By Jordan Crews

Yesterday, in Dickenson-Russell Coal Company v. Secretary of Labor, the Fourth Circuit denied the plaintiff’s petition for review, holding that the plaintiff violated the Federal Mine Safety and Health Act of 1977 by failing to report a worker’s occupational injury to the Mine Safety and Health Administration (“MSHA”) within ten days after the incident occurred.

Dickenson Coal owns and operates an underground coal mine in southwest Virginia.  Bates Contracting is a temporary labor agency that supplies miners to work at this mine.  In 2009, Charlie Wood, an employee of Bates, was injured while he was working in the mine.  Although Wood was an employee of Bates, he was under the control and supervision of personnel from Dickenson on the day of his injury.  There were no Bates employees at the mine who were supervising or could have supervised Wood’s work.  Bates, rather than Dickenson, reported the injury to the MSHA.  Because Dickenson did not file a report, the MSHA issued it a citation for failure to timely report an occupational injury as required by the regulations.

Dickenson contested the citation before the Federal Mine Safety and Health Review Commission (the “Commission”).  Dickenson, while acknowledging that it was an “operator” within the meaning of the regulations, argued that Bates was also an “operator.”  Therefore, Dickenson argued that either it or Bates could have satisfied the obligation to report the injury; as such, only one of the operators, but not both, was required to report the injury.  The ALJ granted “summary decision” to the Secretary, rejecting Dickenson’s argument that Bates qualified as an “operator” within the meaning of the regulations.  The ALJ observed that although Bates might qualify as an “operator” under the statutory definition, the regulatory definition controlled the meaning of the term “operator.”  Thus, because Bates was not “operating, controlling or supervising” mining activities at the mine when Wood was injured, Bates did not meet the regulatory definition, and was therefore not obligated as an operator to “report each incident or occupational injury” within ten days.  Accordingly, the ALJ concluded that Bates’ report of the injury did not relieve Dickenson of its reporting obligations under the regulations.  Dickenson filed a petition for review.

Because the issue presented to the Fourth Circuit required review of the agency’s interpretation of its own regulation, the Court’s analysis proceeded under Auer v. Robbins, instead of Chevron.  Auer deference, like Chevron, is warranted only when the language of the regulation is ambiguous.  When the regulation in question is unambiguous, its plain meaning controls.  If, however, the regulation is ambiguous, the agency’s interpretation controls unless that interpretation is “plainly erroneous or inconsistent with the regulation.”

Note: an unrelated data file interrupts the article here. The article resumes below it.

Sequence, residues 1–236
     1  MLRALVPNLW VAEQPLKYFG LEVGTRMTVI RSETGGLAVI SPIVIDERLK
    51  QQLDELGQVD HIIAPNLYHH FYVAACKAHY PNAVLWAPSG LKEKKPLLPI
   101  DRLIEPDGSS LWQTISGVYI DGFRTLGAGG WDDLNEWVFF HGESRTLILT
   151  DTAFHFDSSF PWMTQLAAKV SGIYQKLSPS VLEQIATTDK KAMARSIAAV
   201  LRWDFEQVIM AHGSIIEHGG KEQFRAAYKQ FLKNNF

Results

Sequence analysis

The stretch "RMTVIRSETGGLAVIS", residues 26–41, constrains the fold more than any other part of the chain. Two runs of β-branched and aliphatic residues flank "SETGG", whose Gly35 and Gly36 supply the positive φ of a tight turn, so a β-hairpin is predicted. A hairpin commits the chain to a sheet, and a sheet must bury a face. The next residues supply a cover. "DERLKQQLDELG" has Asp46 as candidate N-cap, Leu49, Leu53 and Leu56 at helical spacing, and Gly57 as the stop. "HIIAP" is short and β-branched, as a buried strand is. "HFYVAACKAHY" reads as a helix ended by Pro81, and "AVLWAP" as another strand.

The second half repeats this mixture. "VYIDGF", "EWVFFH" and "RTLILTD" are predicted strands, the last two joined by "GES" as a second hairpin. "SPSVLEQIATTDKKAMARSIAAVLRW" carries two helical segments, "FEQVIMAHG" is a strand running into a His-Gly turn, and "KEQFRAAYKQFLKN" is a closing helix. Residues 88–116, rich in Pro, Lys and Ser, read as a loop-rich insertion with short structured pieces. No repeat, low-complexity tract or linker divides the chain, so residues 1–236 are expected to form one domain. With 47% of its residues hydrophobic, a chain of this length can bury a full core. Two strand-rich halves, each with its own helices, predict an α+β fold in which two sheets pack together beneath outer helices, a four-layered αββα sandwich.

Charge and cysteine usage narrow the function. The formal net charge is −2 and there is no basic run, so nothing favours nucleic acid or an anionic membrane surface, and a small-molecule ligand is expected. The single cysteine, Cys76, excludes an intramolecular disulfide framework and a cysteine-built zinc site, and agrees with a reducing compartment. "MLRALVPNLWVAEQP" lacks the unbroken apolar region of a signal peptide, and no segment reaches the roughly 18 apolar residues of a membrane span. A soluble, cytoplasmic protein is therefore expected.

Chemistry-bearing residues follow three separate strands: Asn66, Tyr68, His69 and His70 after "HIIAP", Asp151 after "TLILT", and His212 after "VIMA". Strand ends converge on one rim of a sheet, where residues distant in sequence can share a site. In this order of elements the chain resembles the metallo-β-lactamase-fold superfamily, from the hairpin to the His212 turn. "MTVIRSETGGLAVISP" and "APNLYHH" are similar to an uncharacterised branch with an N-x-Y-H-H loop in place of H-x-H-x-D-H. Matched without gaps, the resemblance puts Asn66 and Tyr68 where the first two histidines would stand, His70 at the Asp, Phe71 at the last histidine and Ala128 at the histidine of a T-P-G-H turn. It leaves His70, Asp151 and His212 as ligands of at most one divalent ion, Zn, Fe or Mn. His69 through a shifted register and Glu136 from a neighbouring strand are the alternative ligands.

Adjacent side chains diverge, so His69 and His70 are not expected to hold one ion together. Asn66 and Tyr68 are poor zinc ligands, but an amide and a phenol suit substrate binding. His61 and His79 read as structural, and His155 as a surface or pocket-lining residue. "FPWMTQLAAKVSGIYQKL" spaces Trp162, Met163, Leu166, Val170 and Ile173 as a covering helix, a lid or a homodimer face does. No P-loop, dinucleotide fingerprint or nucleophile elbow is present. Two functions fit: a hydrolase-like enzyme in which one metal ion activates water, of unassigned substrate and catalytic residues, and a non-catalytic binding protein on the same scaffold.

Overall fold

Dickenson contended that the ALJ incorrectly concluded that the meaning of “operator” within the regulations is controlled by the regulatory definition of “operator” rather than the statutory definition.  Building on this argument, Dickenson contended that when there is more than one “operator” who would be required under the regulations to report the same injury (as there would be if the statutory definition controlled), the regulation requires only one of the operators, not both, to report the injury.  As such, Dickenson contended that because Bates reported Wood’s injury in a timely fashion, there was no violation.

The Fourth Circuit, however, stated that Dickenson’s obligation to report the incident did not depend on whether Bates was considered an “operator.”  Even assuming Bates was an “operator,” “its filing of the . . . report did not relieve Dickenson Coal of the obligation to file its own report.”  The regulation states, in relevant part:

Each operator shall report each accident, occupational injury, or occupational illness at the mine. . . . The operator shall mail completed [MSHA Mine Accident, Injury, and Illness Report Form 7000-1s] to MSHA within ten working days after an accident or occupational injury occurs or an occupational illness is diagnosed.

The key phrases here are “each operator” and “each accident.”  The ordinary meaning of “each” is “every one of two or more people or things considered separately.”  Thus, according to the regulation’s regular and ordinary meaning, the regulation means that anyone who qualifies as an “operator” under the regulations must report every qualifying accident or injury.  According to the Court, “this language permits no exceptions; it is unconditional, and Dickenson Coal has failed to identify anything in the actual text of the regulation that suggests otherwise.”  Thus, where there are two or more operators who are subject individually to the reporting requirement . . . , every one of them must report every qualifying accident or injury.”  The Court concluded that the regulation “is unambiguous and that Auer deference is unwarranted.”

The Fourth Circuit held that the ALJ’s decision was consistent with the language in the regulations, and therefore denied Dickenson’s petition for review.

Share on FacebookTweet about this on TwitterShare on Google+Share on LinkedInEmail this to someonePrint this page